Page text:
March 31, 2013

Louisville beats Duke 85-63 to reach Final Four

The game will be remembered for Kevin Ware's gruesome leg injury.

The Associated Press

INDIANAPOLIS  — With tears in their eyes and Kevin Ware in their hearts, there was no way Louisville was losing this game.

Russ Smith scored 23, Gorgui Dieng had 14 points, 11 rebounds and four blocks, and top-seeded Louisville put aside the shock from Ware's gruesome leg injury to earn a second straight trip to the Final Four with an 85-63 victory over Duke on Sunday afternoon.

As the final seconds ticked down, Chane Behanan put Ware's jersey on and stood at the end of the Louisville bench, screaming. Cardinals fans chanted "Kevin Ware! Kevin Ware!"

"We won this for him," coach Rick Pitino said. "We were all choked up with emotion for him. We'll get him back to normal. We've got great doctors, great trainers."

Ware played his high-school ball in Georgia and the Final Four is in Atlanta, just adding to the emotion for the victorious Cardinals.

"We talked about it every timeout, 'Get Kevin home,'" Pitino said.

This was the first time Pitino and Mike Krzyzewski had met in the regional finals since that 1992 classic that ended with Christian Laettner's improbable buzzer-beater, a game now considered one of the best in NCAA tournament history.

This game will be remembered, too, but for a very different — and much more somber — reason.

With 6:33 left in the first half, Ware, who has played a key role in Louisville's 14-game winning streak, jumped to try and block Tyler Thornton's 3-point shot. When he landed, his right leg snapped midway between his ankle and knee, the bone skewing almost at a right angle. Ware dropped to the floor right in front of the Louisville bench and, almost in unison, his teammates turned away in horror. Thornton grimaced, putting his hand to his mouth as he turned around.

Louisville forward Wayne Blackshear fell to the floor and Behanan looked as if he was going to be sick on the court, kneeling on his hands and feet. Luke Hancock patted Ware's chest as doctors worked on the sophomore and Smith walked away, pulling his jersey over his eyes. The arena was silent, and several fans wept and bowed their heads.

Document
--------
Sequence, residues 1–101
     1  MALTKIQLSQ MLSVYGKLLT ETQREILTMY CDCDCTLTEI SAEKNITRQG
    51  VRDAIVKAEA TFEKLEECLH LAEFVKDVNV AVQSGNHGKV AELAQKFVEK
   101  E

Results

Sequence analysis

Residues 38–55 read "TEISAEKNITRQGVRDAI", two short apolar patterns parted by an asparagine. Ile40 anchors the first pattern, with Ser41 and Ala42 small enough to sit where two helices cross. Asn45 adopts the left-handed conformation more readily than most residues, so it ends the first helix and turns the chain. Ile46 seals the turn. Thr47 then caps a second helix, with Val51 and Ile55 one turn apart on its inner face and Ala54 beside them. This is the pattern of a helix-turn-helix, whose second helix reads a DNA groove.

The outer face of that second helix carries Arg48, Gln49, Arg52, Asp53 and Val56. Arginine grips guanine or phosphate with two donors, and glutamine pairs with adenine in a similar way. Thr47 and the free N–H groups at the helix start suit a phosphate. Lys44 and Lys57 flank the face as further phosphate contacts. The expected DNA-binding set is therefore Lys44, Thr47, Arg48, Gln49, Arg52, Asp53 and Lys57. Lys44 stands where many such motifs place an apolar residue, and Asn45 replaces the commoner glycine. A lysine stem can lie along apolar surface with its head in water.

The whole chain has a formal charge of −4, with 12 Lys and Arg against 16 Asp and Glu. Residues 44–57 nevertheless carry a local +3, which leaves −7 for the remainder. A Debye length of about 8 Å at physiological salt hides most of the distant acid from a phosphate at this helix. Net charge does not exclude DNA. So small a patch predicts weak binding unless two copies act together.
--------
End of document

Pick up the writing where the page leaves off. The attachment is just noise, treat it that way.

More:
Pitino had tears in his eyes as he tried to console his players. Dieng draped an arm around the shoulders of Smith, who repeatedly wiped at his eyes and shook his head. The Cardinals (33-5) gathered at halfcourt to try and regroup before Pitino called them over to the sideline, saying Ware wanted to talk to them before he left.

"Basically, the bone popped out of the skin. It broke in two spots," Pitino said. "Remember the bone is six inches out of his leg, and all he's yelling is 'Win the game, win the game.' I've never seen anything like that."

News of the injury dominated social media. Joe Theismann whose NFL career ended with a horrific broken leg, said on Twitter, "Watching Duke/ Louisville my heart goes out to Kevin Ware."

Fans chanted "Kevin! Kevin" as Ware was loaded onto the stretcher, and Pitino wiped away tears again as Ware was wheeled off the court.

"That was a tough one," Pitino said.

Play resumed about 10 minutes later, but it was clear the Cardinals' minds were elsewhere. They missed four of their next five shots along with two free throws, and were uncharacteristically sloppy. But they regrouped after a timeout, with Smith's finger roll sparking a 12-6 run to finish the half that gave them a 35-32 lead.

Smith picked up where he left off at the start of the second half, making all three free throws after being fouled on a 3-point attempt to give Louisville a 38-32 lead, its largest of the game to that point.

But just as he did against Michigan State, Duke star Seth Curry got hot after halftime, making two 3s in the first three minutes. Mason Plumlee dunked to tie the game at 42.

That, however, was all Louisville needed.

(Continued on page 2)

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